Saturday, January 22, 2011


We finally took down the Christmas lights today. We were the last on our block. It’s not that our Christmas spirit is indomitable: we barely managed the effort to put them up in the first place. In fact, the Christmas lights and the wreath we bought from the Sober Grad Committee and hung outside the front door were all the show of enthusiasm for the holiday we could muster this year. For the first time in our marriage, we didn’t buy and decorate a Christmas tree. We simply could not do it. On Christmas Day, we escaped to the movies and saw True Grit. Movies are amusement: literally speaking, a diversion that causes you not to think.

The reason the lights stayed up until nearly the end of January is that we simply couldn’t find the energy to take them down. It was just easier to keep them burning night after night and let the neighbors believe we just couldn’t let go of the magic of the holidays.

Christmas is just one day out of the year, but it highlights and typifies the hideous transformation of our lives since Rachel was killed by a drunk driver.

It has always been my intention to articulate here the far-reaching consequences of one bad decision. The qualitative change of the character of Christmas for us is just one of the consequences. They are new every morning. The other night Jill and I sat on the couch and watched the season premier of American Idol. I fought back tears as I watched a 16 year old girl dedicate her performance to her loving father. I can’t even watch an inane T.V. program. Rachel was a beautiful singer, but her voice has forever been silenced...

Last weekend Jill and I went to the wedding of one of Rachel’s best friends from high school. Nearly three years have passed now since Rachel was killed. It’s that time: all of the young people she grew up with are graduating from college, getting married, making their own lives. What would Rachel be doing now? I got to watch the father of the bride walk his beautiful daughter down the aisle and trust her to the care of the man she loves and to whom she vows to devote the rest of her life. I can’t help but anticipate what comes next: children, grandchildren I will never know.

These are the brutal realities we must face day after day. We have to live with the realization that there will be no happy ending to our story. Rachel is not coming back. While we are conscious that we still have much (though much less) to be grateful for, we can’t escape that fact. As David said of his first son born to him by Bathsheba, “He cannot come to me, but I must go to him.” We can look forward to joining Rachel in death. Sadly, that is our fondest hope.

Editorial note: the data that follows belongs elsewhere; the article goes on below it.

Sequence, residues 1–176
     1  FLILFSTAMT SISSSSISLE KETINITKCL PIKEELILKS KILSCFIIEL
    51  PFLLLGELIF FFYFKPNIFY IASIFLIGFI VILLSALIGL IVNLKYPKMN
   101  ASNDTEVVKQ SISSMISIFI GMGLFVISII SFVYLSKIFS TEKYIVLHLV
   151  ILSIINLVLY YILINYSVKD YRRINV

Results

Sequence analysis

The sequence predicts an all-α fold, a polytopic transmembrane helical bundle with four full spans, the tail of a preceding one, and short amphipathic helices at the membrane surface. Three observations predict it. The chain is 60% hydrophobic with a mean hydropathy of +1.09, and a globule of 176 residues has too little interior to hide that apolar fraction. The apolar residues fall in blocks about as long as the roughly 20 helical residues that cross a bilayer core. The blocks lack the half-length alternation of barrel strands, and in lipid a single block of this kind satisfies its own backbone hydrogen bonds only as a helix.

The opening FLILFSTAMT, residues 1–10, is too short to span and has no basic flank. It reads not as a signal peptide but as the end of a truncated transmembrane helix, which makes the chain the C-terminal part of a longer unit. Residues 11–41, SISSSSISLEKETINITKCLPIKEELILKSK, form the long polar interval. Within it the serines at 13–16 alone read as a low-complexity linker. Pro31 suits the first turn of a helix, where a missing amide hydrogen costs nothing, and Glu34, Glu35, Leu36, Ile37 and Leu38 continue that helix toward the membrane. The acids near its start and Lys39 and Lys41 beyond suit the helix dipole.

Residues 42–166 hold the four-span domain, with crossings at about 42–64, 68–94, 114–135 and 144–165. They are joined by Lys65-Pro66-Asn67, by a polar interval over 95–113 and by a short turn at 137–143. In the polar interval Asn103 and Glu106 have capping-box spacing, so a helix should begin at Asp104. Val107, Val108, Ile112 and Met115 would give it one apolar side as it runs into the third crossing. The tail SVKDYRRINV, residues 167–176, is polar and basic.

I haven’t written anything about the court proceedings, yet. Let’s just say they are going as expected. Elva is playing every card to keep herself out of prison for as long as possible, and her defense is playing right along. She has been in custody in county jail (not prison) since July (six months! - which, of course, will be credited to her as time served), and we still haven’t even had a Preliminary Hearing, let alone begin a trial. Our next court appearance is January 28, which occurs right between my Mom and Dad’s 50th wedding anniversary, and my Mom’s birthday. I get to miss them both to be with Elva Diaz in court. And I get to miss work and buy a plane ticket to pay for the privilege.

Monday, January 10, 2011

Reading the Signs

The longest night of the year, December 21, 2010, there is a rare, full lunar eclipse, though we cannot see it because it is hidden behind the clouds.

The last lunar eclipse I am aware of occurred on February 21, 2008, the night our daughter was killed. I worked late that night, mounting a customer’s flat screen television and hooking up her surround sound system. The woman told me that her son was fighting in Iraq. She said she only kept herself from worrying to death by not thinking about his safety. I was silently grateful that my daughter was away at college and not at war.

When I got out of my truck at home, I paused to view the eclipse with no sense of ill omen or impending doom. I’m not superstitious. I went into the house and greeted my wife, Jill, as if our lives would go on in the same blessed way forever. Later, the clouds moved in, and, while we slept, it began to rain. Our daughter was dead before we woke, though we didn’t know it. I have often tormented myself with the thought that I missed something, that I failed to apprehend some obvious message that, had I really been paying attention, could have prevented disaster.

I don’t know what it means that this year’s lunar eclipse occurs on the winter solstice. Now it seems a particularly portentous event. To add to my anxiety, this morning’s devotional reading is from June 23rd, our daughter’s birthday. It recounts Jesus’ parable of the reluctant wedding guests. Eugene Peterson, the author of the devotional book, says, “We are faced with a life and death summons. The responses we make to God in Christ are the stuff of eternity.”

It is raining again. It is raining, and I am listening. Surely there is some decipherable message here, if I can only find the key to unlock its meaning, if I only I had the ears to hear. I am paying attention, now. I observe the signs. Someone is trying to tell me something. Still, nothing makes any sense...